Standing Jikokuten

  • End of Heian to Early Kamakura period, 12th century
  • Wood with pigments
  • Figure height 170.7 cm
  • Handed down in Kōfukuji
  • Formerly in the collection of Masuda Donnō
  • Important Cultural Propert

The Shitennō or “Four Heavenly Kings” are martial deities responsible for defending Buddhism in the four directions. One of them is Jikokuten, the protector of the eastern realm. This Standing Jikokuten was originally part of a full set of Shitennō statues preserved at Kōfukuji temple, Nara. The body of this life-size work is believed to be carved from one piece of cypress with the head and arms made as separate pieces. Though covered with armor, the sturdy body is rippling with muscles; the short neck and fiery glare magnify its impressive figure; despite the relatively static pose, the guardian king exerts a powerful presence. Given the bold and stately

stance accompanied by budding touches of realism, the work is believed to fall in the transition period between the Heian and Kamakura periods. The addition of eyeballs of a different material adds to its fearsome aspect. The statue was likely finished in bright colors, most of which has flaked off, but traces of color on the face and fingers indicate that the skin was green colored. The armor over the chest and shins was once covered with lacquer, projecting a sense of the quality of the armor. The expression of the jaki (“evil spirit”; ogre) upon which the figure stands is also impressive.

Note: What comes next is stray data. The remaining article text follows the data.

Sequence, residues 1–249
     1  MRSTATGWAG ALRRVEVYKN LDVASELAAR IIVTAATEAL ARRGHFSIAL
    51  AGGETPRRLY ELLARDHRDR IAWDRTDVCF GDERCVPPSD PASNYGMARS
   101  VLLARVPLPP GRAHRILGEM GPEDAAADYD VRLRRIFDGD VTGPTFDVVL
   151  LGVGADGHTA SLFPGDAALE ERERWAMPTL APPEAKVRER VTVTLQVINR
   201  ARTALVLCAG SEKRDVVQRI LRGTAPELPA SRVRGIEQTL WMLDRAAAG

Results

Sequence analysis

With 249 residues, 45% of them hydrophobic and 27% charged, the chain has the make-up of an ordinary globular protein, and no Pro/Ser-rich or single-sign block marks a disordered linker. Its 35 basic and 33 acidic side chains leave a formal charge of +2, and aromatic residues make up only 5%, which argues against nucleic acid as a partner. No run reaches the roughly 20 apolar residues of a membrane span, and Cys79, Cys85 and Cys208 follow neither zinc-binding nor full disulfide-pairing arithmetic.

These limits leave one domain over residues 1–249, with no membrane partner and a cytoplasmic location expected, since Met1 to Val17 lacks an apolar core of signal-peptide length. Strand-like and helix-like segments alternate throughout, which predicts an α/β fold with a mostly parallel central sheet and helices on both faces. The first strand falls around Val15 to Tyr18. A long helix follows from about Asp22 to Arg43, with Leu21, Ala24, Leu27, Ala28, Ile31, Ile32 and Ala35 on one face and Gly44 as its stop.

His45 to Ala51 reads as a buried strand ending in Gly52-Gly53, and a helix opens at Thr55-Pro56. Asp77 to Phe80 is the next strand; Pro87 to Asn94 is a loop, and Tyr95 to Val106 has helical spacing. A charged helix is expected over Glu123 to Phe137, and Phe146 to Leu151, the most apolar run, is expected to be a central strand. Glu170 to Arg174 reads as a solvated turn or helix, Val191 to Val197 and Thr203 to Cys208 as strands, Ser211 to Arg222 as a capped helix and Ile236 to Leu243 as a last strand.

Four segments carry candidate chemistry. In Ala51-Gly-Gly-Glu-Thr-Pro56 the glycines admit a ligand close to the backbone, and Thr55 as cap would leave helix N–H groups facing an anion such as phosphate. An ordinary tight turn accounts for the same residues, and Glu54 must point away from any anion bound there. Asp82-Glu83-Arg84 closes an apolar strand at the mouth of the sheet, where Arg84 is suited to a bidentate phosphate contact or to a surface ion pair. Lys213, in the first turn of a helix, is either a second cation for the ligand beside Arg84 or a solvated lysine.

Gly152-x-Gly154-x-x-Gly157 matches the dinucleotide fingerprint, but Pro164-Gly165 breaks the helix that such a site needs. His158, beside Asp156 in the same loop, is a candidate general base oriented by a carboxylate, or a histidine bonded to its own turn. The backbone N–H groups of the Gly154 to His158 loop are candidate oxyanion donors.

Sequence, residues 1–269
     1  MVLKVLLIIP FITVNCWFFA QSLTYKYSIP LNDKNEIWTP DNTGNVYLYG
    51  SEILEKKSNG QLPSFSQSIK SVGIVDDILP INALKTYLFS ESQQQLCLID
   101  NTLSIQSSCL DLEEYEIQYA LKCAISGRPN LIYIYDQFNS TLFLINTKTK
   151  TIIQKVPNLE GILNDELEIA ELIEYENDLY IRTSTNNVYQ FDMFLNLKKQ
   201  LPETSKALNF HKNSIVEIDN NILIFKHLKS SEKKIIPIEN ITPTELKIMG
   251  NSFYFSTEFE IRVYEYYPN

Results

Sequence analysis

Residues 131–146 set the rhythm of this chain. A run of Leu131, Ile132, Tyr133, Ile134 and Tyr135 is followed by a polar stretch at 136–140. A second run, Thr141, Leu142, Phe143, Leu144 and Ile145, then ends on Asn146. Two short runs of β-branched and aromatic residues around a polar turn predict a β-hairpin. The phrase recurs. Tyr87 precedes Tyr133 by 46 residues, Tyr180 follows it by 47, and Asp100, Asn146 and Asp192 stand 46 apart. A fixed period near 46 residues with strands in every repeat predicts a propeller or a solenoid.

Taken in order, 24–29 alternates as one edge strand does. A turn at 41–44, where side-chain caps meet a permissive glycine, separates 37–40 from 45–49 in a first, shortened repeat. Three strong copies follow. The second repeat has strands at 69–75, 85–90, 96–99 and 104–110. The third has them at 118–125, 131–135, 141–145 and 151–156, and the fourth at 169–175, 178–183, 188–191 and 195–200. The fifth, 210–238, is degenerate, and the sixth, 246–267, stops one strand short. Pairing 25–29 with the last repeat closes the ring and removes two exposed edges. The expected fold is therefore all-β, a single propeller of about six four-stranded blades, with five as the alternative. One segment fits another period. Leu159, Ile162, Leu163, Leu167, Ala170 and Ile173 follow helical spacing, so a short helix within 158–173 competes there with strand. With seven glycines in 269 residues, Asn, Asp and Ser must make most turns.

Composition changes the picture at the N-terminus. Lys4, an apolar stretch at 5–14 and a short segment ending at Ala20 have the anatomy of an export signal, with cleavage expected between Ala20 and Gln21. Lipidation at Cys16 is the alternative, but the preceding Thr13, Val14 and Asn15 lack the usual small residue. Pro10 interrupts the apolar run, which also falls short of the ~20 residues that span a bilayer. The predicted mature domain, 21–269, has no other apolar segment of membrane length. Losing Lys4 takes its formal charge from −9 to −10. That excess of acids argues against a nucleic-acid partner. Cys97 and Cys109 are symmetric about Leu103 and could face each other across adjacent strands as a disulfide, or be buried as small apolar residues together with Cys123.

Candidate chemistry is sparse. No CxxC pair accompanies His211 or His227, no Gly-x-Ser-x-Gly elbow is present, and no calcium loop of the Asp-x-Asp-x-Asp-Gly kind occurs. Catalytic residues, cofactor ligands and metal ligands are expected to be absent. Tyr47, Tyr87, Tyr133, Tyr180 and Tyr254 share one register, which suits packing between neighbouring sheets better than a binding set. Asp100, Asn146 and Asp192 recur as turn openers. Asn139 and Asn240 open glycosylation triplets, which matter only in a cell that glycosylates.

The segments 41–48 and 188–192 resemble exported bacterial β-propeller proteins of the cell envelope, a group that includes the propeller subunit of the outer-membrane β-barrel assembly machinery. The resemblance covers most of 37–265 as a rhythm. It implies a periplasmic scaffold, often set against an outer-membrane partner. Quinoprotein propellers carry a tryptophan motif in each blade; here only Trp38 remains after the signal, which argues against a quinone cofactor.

During the 1180 siege of Nara by the Taira no Shigehira-led forces, which set fire to temples and monasteries, Kōfukuji was burned down. It is not known, therefore, when and for what hall the statue was made, but there is no doubt that it is an excellent work handed down at Kōfukuji. It was among the statues that tea master Masuda Donnō rescued from the anti-Buddhist reforms and the ensuing the destruction of icons that swept Japan in the early Meiji period.